So far in our Independent Foreign Fiction Prize magical mystery tour, we’ve been to a parallel Japan, Germany, South Korea, provincial China and seventeenth-century Iceland – and today we’re going back in time again, this time to nineteenth-century Italy and France. Who needs a holiday with books like these? I spoil you all, I really do…
The Prague Cemetery by Umberto Eco (translated by Richard Dixon)
What’s it all about?
We begin in Paris, as an unnamed narrator guides us through dirty, disreputable streets until we enter a shop and peer over the shoulder of an old man. Simone Simonini, an Italian resident for many years in the French capital, is beginning a diary of sorts in order to trawl through the depths of his memory and fill in some puzzling and worrying gaps in his recent history. The reader is informed of Simonini’s past by virtue of reading the pages of this diary; however, it’s not quite as simple as that. You see, Simonini is not the only person using the book to write down his thoughts…
The Prague Cemetery then is a conundrum of a novel, a story told by the unknown narrator, Simonini himself and the mysterious Abbé Dalla Piccola. It’s a dazzling creation, a tale drawing threads from all kind of real-life events and authentic literature to flesh out the existence of our Italian friend. As the trio unfold daring intrigues and devious plots, leading Simonini from the combustible Italian states to a hardly more stable French republic, we begin to suspect that the three people may actually be one and the same person.
In terms of story, The Prague Cemetery is simply about how Simonini, a nerveless forger, a murdering gourmet, a sexless sociopath, becomes caught up in some of the most explosive political and social events of nineteenth-century Europe. Largely owing to his skills as a master forger, he is courted by the secret services of most of the major powers of the time, becoming a spy whose main talent lies in providing people with the information they need – all of it fabricated. The more he lies, the more his reputation grows, as the various services he works for have no real interest in the truth. They are far more concerned with justifying the steps they take against various power groups – the Jesuits, the Masons and (of course) the Jews…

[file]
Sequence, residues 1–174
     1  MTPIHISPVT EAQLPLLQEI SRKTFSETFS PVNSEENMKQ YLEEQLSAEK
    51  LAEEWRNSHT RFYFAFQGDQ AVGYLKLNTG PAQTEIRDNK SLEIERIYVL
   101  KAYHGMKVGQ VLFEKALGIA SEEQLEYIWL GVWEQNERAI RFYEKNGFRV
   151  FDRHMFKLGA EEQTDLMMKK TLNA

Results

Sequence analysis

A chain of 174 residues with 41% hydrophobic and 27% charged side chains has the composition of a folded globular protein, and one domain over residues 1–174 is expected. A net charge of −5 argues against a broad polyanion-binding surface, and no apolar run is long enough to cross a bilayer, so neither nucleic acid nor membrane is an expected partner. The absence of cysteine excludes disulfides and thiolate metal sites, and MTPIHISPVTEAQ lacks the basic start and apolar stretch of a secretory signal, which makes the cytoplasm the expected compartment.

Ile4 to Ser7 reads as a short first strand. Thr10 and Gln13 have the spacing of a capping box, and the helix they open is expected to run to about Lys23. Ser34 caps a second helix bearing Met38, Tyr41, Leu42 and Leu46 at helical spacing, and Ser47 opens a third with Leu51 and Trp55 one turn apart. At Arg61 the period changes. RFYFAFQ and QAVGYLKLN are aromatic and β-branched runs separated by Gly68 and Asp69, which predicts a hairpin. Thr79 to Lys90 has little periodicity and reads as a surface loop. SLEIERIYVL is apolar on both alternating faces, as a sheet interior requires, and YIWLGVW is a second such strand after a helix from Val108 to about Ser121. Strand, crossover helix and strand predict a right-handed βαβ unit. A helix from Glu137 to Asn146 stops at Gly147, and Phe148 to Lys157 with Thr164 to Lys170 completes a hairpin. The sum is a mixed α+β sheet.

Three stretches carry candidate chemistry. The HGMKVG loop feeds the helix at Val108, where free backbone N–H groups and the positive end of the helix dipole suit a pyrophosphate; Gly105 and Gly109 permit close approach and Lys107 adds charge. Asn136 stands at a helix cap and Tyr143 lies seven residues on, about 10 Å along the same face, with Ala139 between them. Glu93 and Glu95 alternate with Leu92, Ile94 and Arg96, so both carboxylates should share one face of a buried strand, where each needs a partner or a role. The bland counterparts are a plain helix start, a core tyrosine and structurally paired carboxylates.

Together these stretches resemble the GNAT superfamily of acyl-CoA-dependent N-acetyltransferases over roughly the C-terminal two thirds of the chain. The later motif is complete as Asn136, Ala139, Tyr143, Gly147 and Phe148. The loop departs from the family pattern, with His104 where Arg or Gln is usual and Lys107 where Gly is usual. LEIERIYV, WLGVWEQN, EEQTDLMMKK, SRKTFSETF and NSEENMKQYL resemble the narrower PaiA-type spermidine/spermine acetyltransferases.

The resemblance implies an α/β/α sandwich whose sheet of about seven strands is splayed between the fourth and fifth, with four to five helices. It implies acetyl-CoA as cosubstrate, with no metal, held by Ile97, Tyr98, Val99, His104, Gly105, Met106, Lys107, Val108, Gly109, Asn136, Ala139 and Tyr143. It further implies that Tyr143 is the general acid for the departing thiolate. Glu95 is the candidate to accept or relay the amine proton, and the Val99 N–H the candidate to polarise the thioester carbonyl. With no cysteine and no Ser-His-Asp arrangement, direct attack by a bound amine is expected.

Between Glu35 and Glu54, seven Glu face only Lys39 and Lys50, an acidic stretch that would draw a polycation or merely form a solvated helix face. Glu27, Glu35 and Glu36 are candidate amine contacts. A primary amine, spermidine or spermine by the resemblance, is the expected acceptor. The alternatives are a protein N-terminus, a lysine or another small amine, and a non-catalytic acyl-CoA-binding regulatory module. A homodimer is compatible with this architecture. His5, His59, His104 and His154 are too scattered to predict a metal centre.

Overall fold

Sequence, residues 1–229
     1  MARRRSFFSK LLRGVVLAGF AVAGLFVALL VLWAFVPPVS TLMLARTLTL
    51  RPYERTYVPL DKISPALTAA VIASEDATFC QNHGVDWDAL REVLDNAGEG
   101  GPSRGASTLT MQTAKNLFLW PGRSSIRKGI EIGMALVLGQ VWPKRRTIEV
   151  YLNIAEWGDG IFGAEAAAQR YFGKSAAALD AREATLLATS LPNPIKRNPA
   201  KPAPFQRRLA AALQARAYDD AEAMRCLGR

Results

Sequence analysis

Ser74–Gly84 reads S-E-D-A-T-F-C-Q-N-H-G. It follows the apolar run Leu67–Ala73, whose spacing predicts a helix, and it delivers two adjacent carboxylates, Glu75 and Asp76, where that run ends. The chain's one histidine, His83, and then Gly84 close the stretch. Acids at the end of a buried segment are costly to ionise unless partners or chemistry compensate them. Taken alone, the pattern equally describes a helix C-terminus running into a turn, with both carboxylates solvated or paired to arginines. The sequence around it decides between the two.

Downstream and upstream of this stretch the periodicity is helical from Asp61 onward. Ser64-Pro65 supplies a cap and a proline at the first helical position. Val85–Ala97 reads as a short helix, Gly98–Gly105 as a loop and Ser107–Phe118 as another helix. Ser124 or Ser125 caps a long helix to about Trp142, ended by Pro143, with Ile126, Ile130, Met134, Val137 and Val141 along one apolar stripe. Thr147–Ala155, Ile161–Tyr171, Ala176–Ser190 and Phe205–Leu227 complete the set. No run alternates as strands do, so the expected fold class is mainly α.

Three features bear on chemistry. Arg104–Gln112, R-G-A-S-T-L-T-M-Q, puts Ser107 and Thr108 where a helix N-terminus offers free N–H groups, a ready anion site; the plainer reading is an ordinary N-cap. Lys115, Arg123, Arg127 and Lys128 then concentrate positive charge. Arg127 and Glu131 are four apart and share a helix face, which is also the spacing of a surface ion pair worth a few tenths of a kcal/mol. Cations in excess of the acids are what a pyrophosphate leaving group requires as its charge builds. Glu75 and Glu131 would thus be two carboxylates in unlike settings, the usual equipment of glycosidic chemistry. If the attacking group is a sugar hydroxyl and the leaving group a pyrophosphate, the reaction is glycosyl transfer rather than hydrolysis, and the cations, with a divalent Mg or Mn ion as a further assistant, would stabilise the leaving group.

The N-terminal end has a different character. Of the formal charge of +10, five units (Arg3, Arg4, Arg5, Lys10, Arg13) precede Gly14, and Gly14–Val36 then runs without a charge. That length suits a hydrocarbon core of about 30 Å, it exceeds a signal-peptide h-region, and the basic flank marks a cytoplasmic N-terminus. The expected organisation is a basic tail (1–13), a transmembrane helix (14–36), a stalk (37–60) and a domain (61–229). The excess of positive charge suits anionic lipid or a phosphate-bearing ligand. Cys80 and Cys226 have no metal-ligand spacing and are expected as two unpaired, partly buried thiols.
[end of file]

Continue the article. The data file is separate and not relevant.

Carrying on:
However, if that is not enough, the real concern of Eco’s novel is Simonini and his identity. Early in the novel, we learn of a casual acquaintance, a certain Doctor “Froïde”, and the quest for the truth behind the unholy trinity of voices is definitely a Freudian one. It is clear that a traumatic event has caused the partial amnesia experienced by both Simonini and the Abbé; we’re just not quite sure what it could be. Is it related to Simonini’s forgeries? To the various masonic lodges and cults he becomes involved with? Well, you’ll just have to read it to find out 😉
As well as reflecting actual historical events, the book also contains a plethora of meta-fictional aspects, referring to many books which, after further research, I found were all actually real. One of the central pillars of the plot is Simonini’s story of ‘The Prague Cemetery’, a fictional meeting of the Jewish leaders of the world, which several writers then adapt (or steal!) to both entertain an incredibly trusting audience and justify actions taken by various governments against the Jewish people. There’s definitely no such thing as an original idea in this context, but Simonini shows that original ideas are overrated, especially in an era where communication was not quite as advanced as it is today…
Do you think it deserves to make the shortlist?
Let me get back to you on that… The Prague Cemetery is an excellent book, and the translation is a wonderful one, making it a pleasure to read, but the novel is not perfect. At times, it all feels a little too clever, as if Eco is writing more to show his intelligence than to advance the story. The plot can occasionally flag, especially towards the middle, and there is always the danger, when characters have continual anti-semitic rants, that the author’s intention of condemning these views becomes almost overshadowed by his character’s beliefs.
It’s also a little ironic that in a book which pokes fun at crowd-pleasing, salacious pulp fiction, Eco’s own story actually takes a turn in that direction towards the end of the novel, reminding the reader of nothing more than Victorian ‘sensation’ fiction. Of course, knowing Eco, this was almost certainly intentional 😉
On first finishing the novel, I wasn’t quite convinced, but a few days of unconscious reflection have raised the book in my estimation, so I’ll say that it does deserve to make the shortlist. I don’t think it’ll be a winner though…
Will it make the shortlist?
I’ll stick my neck out and say no, which may be surprising given what I said above! Despite its undoubted excellence, the accomplished translation and Eco’s stature, I have a sneaking suspicion that this may be one which is enjoyed by a minority, even among regular readers of literary fiction. It’ll have adherents who will defend it to the bitter end, but it may also leave a lot of readers cold.
I hope I’m wrong though 😉
One more done and dusted. Stay tuned for the next stop on my virtual tour, when I’ll be heading north again to spend the holidays with a lonely friend – see you then!